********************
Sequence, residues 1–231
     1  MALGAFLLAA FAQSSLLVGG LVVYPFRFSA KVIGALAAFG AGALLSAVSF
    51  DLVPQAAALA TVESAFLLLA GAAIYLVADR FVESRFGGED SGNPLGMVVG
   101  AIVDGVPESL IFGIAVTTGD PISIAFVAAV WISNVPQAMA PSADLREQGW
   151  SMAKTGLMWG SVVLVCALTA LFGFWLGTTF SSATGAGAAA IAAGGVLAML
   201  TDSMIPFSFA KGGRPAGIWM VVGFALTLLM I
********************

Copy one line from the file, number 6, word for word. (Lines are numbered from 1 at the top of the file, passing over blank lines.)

   201  TDSMIPFSFA KGGRPAGIWM VVGFALTLLM I